Wednesday, January 26, 2011

Smoke and Mirrors

Anyone who is still unconvinced with regards to the whole "Money for nothing" issue, I would invite to peruse this article from B.C about a man who was severely beaten while his partner hid nearby. The RCMP believe the act to be a hate crime, given that the man decided to "kill these guys" shortly after they vouchsafed their orientation after several hours worth of idle conversation. Worse, he was accompanied by two friends, who presumably sat by and watched this happen. The man is alleged to be a Calgarian, thus adding to Alberta's stereotype as the most bigoted province, and giving lie to the belief that "homophobia doesn't happen in Canada".

Anyway, the other new revelation about Canadians, or Edmontonians in specific, is that we can not be trusted with our own air quality. All this new talk about anti-idling bylaws is down to one reason; earlier they bantered around the idea of introducing anti-idling legislation, but abandoned it in favour of a public awareness initiative. They gambled on Edmontonians doing the right thing and switching our engines off because a happy little poster reminded us to, or the radio talked about it. They put their faith in us, and the reintroduction of legislation to ensure idling compliance is a sign of one thing; we failed. The government felt people were not complying enough so now they have to bring out the stick. We ignored the carrot of better air quality and health, so now we must bear the parental disapproval and shame. Either that or the government is getting broke again. Either way, suck it up, Edmonton. Besides, +10 degrees weather is such a blessing, we have better things to focus on.


Michael said...

Must disagree. Is there anything at all in the mentioned article that in any way links the song lyric to the deed? No. Then it is coincidental, not corroborative.

The song itself is an artistic work, which was relevant when it was produced. So notably relevant, that it was in fact the first song played on MTV. Censoring historical work because it no longer lines the sensitivity of today is foolish at best. Mein Kampf was in my high school library, unabridged. While I don't support its content, I support it's relevance to history and therefore it's presence.

Keeping people ignorant of prejudice and bigotry simply leaves them unequipped to handle it when it is encountered. Ignorance does not produce better people.

Beyond that, how much additional airplay has the song had since it became 'controversial'?

Certainly the deed in question is heinous, illegal and prejudice-driven. But it was not in any way connected to your previous post beyond loose coincidence of timing.

Miss Ernst said...

I think I am going to disagree with your disagreement. Although the article does not mention the song, I think the two are related by virtue of the earlier warning that it would cause violence against homosexuals, without the earlier hypothesis, it would be difficult to draw the connection.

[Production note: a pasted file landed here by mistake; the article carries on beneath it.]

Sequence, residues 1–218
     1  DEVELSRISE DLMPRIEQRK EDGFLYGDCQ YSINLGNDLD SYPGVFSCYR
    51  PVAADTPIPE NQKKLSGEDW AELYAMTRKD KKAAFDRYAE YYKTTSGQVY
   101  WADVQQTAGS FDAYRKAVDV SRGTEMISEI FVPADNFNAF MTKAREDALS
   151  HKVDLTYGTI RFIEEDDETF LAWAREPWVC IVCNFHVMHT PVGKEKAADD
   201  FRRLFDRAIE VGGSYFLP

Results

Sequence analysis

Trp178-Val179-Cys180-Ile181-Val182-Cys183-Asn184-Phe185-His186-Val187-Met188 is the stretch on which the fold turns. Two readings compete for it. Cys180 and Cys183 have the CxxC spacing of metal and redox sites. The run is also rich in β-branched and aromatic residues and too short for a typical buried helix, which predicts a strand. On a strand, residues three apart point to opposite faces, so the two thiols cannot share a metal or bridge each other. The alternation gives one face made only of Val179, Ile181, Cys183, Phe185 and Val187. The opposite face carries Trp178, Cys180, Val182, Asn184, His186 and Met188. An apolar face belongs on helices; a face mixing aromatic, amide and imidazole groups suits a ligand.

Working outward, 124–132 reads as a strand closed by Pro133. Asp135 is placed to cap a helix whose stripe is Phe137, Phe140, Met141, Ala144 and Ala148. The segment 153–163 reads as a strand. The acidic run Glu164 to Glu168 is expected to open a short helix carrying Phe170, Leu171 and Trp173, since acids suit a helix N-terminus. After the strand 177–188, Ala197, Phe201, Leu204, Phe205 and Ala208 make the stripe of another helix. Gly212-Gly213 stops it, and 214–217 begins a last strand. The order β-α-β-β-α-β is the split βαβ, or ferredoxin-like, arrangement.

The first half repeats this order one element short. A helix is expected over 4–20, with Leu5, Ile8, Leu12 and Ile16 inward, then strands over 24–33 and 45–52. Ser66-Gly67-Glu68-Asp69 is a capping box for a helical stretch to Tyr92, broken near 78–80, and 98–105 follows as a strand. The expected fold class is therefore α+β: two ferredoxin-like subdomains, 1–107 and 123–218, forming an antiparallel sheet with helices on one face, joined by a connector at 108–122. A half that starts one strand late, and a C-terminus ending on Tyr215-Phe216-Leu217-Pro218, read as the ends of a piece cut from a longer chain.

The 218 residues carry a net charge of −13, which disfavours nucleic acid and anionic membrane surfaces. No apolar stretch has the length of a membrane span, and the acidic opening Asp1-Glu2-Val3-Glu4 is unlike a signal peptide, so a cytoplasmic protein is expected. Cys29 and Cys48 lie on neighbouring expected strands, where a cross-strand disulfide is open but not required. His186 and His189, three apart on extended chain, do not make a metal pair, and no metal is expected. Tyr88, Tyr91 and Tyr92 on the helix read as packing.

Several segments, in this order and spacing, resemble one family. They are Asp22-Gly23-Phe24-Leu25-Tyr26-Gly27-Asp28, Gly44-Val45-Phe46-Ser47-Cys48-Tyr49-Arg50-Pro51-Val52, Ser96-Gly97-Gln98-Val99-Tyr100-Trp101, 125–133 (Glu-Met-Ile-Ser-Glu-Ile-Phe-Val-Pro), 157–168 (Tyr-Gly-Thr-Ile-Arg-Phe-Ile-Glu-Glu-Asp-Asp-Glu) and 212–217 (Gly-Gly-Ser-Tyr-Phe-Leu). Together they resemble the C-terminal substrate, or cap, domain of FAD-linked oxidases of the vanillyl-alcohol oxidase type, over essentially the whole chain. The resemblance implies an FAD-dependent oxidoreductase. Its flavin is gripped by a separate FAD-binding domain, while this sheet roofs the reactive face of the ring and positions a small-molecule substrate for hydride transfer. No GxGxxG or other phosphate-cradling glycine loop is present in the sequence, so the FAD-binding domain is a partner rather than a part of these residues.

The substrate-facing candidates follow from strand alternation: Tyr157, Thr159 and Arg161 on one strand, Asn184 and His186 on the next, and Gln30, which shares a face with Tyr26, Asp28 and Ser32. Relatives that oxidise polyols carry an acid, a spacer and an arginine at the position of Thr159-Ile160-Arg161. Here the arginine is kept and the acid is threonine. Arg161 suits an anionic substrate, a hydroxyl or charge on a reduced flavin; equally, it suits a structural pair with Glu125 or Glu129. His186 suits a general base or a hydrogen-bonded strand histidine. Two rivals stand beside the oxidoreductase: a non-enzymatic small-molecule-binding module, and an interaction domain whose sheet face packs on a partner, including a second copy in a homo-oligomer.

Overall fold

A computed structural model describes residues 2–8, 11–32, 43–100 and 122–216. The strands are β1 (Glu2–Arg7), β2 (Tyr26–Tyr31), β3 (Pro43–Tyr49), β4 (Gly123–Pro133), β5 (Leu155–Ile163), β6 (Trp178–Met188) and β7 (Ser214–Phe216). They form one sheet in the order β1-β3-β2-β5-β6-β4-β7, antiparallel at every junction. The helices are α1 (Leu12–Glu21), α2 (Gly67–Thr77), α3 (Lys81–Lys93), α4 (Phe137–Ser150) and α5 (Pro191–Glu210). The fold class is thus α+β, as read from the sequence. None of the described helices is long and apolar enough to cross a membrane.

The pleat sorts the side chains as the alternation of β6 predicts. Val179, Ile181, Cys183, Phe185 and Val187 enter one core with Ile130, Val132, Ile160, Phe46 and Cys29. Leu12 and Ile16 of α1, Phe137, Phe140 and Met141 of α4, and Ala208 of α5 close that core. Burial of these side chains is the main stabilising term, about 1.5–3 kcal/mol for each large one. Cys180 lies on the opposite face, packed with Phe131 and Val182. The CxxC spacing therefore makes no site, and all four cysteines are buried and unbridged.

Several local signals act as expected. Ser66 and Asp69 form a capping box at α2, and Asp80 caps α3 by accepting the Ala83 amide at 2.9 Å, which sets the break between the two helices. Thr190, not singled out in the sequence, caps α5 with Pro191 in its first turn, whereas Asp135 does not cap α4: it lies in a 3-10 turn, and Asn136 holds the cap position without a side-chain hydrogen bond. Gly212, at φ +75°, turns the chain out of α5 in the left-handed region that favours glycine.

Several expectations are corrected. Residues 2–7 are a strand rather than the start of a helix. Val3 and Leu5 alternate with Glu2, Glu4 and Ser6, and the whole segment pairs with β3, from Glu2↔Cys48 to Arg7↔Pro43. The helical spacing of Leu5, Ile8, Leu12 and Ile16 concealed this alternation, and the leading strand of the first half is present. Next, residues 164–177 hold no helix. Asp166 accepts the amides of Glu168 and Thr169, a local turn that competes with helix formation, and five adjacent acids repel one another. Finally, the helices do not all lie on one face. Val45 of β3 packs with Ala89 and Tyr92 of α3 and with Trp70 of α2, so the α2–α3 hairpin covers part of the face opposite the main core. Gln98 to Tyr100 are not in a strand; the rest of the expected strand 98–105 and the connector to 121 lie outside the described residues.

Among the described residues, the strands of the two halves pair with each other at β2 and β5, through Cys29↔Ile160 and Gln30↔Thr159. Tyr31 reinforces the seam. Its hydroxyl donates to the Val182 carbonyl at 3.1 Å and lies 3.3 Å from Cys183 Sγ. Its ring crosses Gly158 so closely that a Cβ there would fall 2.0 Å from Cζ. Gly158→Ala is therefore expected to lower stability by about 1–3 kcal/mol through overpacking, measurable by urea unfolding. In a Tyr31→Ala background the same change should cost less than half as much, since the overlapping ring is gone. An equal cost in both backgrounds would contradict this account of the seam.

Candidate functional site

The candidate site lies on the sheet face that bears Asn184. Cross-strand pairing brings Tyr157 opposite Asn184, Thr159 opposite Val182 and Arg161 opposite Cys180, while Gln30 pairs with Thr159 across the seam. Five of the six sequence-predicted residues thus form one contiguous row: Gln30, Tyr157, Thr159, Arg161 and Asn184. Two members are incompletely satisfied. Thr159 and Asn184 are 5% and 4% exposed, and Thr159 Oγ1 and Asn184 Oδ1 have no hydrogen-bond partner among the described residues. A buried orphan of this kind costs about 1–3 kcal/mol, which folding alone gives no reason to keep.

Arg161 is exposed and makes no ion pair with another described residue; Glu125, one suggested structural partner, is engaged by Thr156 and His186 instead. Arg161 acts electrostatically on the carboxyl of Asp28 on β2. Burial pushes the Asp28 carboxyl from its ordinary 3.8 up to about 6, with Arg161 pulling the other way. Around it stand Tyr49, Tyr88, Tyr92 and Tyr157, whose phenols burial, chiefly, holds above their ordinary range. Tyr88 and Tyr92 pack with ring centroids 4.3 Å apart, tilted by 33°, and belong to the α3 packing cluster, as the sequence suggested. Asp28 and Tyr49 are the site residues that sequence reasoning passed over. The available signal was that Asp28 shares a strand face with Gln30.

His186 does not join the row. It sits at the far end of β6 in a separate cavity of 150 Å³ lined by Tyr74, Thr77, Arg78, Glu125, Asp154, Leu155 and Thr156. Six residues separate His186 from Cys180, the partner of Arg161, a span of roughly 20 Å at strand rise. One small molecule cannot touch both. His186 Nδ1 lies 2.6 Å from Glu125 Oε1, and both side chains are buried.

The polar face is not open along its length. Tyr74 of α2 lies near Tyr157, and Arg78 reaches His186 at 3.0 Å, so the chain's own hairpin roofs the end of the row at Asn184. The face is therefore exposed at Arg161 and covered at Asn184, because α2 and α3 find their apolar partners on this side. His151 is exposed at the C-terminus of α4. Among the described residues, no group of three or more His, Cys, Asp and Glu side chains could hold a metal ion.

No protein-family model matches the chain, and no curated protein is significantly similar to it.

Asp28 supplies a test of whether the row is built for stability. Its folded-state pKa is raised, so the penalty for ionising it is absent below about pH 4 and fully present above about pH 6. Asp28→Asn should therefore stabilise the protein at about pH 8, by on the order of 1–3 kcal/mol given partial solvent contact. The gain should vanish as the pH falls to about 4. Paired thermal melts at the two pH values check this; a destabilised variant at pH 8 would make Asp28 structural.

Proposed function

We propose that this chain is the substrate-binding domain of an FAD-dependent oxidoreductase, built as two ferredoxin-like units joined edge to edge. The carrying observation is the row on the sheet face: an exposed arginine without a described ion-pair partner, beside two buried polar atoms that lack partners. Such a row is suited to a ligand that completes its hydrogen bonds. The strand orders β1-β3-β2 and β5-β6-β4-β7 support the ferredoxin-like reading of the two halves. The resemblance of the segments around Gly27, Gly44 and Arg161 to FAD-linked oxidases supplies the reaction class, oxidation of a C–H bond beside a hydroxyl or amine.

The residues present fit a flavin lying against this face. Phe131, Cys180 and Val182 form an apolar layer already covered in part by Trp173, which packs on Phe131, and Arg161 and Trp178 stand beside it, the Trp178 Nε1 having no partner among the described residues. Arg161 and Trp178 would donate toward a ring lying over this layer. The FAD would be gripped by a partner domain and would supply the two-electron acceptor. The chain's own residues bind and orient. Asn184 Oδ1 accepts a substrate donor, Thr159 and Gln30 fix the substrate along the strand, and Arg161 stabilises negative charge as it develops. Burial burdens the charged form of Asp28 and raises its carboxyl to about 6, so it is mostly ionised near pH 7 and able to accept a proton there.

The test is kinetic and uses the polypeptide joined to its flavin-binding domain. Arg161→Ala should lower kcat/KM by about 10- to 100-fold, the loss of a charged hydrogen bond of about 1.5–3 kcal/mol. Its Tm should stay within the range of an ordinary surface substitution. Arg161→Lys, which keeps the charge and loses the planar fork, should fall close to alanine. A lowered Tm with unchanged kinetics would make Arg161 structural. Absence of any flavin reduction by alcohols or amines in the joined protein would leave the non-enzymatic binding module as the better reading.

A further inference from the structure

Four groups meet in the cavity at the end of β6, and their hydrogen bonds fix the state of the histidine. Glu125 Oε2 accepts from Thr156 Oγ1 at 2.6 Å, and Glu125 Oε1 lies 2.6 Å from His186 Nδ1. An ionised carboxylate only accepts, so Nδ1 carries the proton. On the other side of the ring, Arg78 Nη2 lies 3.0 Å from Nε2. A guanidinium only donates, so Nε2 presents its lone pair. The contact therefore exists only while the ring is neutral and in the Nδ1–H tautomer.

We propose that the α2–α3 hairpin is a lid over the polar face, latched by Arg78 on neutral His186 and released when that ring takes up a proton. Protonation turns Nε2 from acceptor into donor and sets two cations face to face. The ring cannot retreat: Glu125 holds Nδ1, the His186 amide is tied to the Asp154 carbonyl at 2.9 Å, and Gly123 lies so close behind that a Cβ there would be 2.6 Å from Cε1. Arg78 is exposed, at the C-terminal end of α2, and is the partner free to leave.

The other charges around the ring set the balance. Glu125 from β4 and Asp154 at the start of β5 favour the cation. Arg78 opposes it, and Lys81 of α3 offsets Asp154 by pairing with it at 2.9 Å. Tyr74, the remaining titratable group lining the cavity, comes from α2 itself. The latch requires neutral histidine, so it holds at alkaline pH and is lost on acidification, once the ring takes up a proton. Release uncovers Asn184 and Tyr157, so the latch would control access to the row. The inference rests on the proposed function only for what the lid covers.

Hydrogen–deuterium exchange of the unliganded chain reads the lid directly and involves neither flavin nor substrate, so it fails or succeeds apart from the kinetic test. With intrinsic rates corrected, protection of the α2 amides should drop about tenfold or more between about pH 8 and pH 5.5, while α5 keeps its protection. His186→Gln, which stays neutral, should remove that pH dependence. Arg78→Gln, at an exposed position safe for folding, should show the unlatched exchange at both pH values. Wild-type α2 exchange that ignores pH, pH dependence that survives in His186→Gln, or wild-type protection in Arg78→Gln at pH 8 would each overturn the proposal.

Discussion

Anyway, I completely agree with the notion that censoring historical works is a bag idea; I would argue the censorship of mein kampf, or the removal of the "n" word from Huckleberry Finn to agree with our sentiments, but to me these cases are different from the "money" issue.

The hate that is present in the song, directed towards homosexuals, is not an integral part of the song, it is coincidental. He was simply using an accepted medium ("fags are bad") to convey the hate, but worse, it inspires the idea that "that little faggot" does not deserve a better situation than "me" and that can lead to the notion that if one is not happy with one's lot, it is because a homosexual is "taking more than he has earned" which can lead to the idea that they are worth less, and promote the kind of senseless anger that causes random beatings.

I totally disagree with the notion that we should leave ignorance and bigotry in the public sphere to better equip people to handle it. Generalized hate is a far different animal from a directed hate, and there is no way to prepare someone for the first random time someone hates them.

If its playtime is increased, it would support the conclusion that the incident could be in part due to the aspect of the song that normalizes and provides permission for the hate directed at homosexuals. Also, it may not have been included in the original post, but these times are more sensitive to homosexuals, considering the recent string of suicides, I wonder if perhaps some compassion is required; this is children killing themselves we are talking about; is removing a short verse or even replacing the word with another insult, (why is it relevant that the man is a "faggot? would asshole work?)from a song worth lives?

Anyway, it is true, if one does not accept the premise that the song will promote hate,certainly the connection is unwarranted, but I maintain the belief. Really sucks still though.